Glucocorticoids Such as Hydrocortisone as a Treatment for Prostate Cancer

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Androgen Dependent and Hormone Refractory Prostate Cancer

Cancer of the prostate is the second highest cause of cancer deaths in men in the United States. It is estimated that approximately one in five men will be diagnosed with prostate cancer during their lifetime and one in 33 will die of the disease. Since the majority of prostate cancers require the male hormone androgen in order to grow, a standard treatment for advanced disease is androgen ablation or blockade. Androgen ablation will block the action of androgen released from the testes and adrenal gland, and can be achieved by administration of drugs such as Zoladex and Casodex. As side-effects can occur, these drugs must be taken under medical supervision. Hormone treatment may be in tablet form, or alternatively by injections and implants. Other treatments commonly used to treat prostate cancer include surgery, chemotherapy, radiotherapy and cryotherapy.

Measurement of prostate-specific antigen (PSA), a tumor marker, is commonly used to monitor patients with prostate cancer because expression of the PSA gene is affected by androgen levels.

Patients often enter a period of remission after hormone treatment which can last up to 3 years. Unfortunately, advanced stage prostate cancer generally becomes insensitive to androgen ablation (hormone refractory prostate cancer, HRPC) and patients often die from the disease spreading to other organs (metastases).

Hydrocortisone as a Treatment for Prostate Cancer

Glucocorticoids such as hydrocortisone, prednisone and dexamethasone can be clinically useful in relapsed HRPC patients. Glucocorticoids are commonly prescribed as an antiemetic (to prevent nausea and vomiting) in cancer patients receiving chemotherapy or radiotherapy. Currently, paclitaxel and dexamethasone in combination is a standard treatment for HRPC. Clinical trials investigating GCs, such as hydrocortisone, as a treatment for prostate cancer have shown reductions in PSA levels of between 20–80% depending on the type and dosage of GC used.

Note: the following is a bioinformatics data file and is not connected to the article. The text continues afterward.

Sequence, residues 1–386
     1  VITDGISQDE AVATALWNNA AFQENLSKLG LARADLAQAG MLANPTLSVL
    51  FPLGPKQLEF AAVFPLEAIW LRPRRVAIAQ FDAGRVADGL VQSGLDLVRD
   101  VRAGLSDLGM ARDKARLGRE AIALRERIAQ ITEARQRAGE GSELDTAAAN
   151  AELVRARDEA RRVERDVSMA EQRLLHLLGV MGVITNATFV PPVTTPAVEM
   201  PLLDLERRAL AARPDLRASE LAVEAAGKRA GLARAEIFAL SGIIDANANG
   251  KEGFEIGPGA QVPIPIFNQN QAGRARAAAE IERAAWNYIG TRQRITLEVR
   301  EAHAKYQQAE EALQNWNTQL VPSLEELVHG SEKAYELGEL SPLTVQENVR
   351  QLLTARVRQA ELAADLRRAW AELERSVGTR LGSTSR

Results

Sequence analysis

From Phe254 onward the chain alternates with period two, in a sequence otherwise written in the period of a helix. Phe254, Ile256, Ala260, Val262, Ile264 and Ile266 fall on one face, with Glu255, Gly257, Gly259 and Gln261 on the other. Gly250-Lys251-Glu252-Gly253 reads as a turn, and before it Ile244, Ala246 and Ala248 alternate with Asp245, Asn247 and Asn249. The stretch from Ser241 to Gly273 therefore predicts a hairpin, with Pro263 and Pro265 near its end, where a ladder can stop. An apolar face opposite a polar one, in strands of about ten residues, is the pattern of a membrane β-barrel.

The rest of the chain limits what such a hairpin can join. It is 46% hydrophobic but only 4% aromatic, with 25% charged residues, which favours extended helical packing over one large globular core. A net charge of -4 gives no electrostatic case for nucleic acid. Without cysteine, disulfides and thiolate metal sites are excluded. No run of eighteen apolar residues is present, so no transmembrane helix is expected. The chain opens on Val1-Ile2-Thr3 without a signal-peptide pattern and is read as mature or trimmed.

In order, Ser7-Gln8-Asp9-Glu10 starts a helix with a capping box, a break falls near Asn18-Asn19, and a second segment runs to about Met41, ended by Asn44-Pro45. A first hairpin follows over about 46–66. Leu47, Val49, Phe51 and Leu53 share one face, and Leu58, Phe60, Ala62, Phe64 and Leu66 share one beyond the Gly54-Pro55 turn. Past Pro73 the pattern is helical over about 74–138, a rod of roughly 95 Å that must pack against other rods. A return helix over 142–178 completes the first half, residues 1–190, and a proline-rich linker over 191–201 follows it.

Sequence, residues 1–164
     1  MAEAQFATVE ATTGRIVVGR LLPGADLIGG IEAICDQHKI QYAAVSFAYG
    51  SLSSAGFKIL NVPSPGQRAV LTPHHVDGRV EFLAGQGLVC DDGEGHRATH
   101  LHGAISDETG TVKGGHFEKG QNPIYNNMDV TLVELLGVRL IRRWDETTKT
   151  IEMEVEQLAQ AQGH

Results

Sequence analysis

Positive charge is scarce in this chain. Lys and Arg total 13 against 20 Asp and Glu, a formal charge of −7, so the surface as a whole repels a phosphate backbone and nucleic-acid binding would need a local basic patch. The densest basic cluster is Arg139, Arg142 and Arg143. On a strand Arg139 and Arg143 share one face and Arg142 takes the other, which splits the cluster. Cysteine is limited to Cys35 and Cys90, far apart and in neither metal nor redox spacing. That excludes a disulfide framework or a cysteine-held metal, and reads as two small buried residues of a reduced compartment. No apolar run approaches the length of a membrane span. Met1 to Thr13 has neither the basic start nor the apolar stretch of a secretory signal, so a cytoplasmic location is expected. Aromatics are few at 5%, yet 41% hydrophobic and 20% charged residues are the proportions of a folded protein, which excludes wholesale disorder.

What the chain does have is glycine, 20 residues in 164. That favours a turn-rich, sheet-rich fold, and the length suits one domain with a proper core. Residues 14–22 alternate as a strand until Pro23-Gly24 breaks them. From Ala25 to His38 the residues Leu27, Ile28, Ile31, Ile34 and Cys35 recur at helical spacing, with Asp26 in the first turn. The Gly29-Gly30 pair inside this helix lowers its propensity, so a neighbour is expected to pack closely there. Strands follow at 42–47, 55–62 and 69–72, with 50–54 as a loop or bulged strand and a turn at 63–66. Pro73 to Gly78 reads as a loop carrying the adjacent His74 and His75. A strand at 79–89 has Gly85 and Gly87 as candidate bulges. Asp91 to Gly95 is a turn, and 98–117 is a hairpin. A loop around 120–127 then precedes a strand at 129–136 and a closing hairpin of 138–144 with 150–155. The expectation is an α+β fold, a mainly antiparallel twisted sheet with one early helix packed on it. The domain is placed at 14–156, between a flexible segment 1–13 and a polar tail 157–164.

Although glucocorticoids are accepted as a treatment for HRPC, their exact mechanism of action is not known. Evidence suggests that GCs exert effects on certain biological processes such as angiogenesis (formation of new blood vessels), lymph production, cell death, cytokines and growth factors. All of these factors are thought to be important in the transition of prostate cancer from androgen dependent to hormone refractory.

More research is required to fully understand the effects of GCs on the various biological pathways in prostate cancer. The use of the gene and protein expression microarray technology is likely to provide invaluable information in this field. Hopefully this will aid the future development of new therapies for hormone refractory prostate cancer.


Glucocorticoid receptor signaling and prostate cancer by E.Kassi and P.Moutsatsou. Cancer Letters, Volume 302, Issue 1, 1 March 2011, Pages 1-10

Glucocorticoids Suppress Tumor Lymphangiogenesis of Prostate Cancer Cells by Akihiro Yano, Yasuhisa Fujii, Aki Iwai, Satoru Kawakami, Yukio Kageyama and Kazunori Kihara. Clinical Cancer Research October, 2006 vol 12; Page 6012

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